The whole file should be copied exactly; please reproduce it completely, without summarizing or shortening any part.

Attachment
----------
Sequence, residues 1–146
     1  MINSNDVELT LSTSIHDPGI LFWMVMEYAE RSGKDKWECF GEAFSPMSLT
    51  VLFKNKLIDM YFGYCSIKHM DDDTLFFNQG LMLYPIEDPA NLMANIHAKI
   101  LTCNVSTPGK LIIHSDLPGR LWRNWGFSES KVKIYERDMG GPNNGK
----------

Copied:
Sequence, residues 1–146
     1  MINSNDVELT LSTSIHDPGI LFWMVMEYAE RSGKDKWECF GEAFSPMSLT
    51  VLFKNKLIDM YFGYCSIKHM DDDTLFFNQG LMLYPIEDPA NLMANIHAKI
   101  LTCNVSTPGK LIIHSDLPGR LWRNWGFSES KVKIYERDMG GPNNGK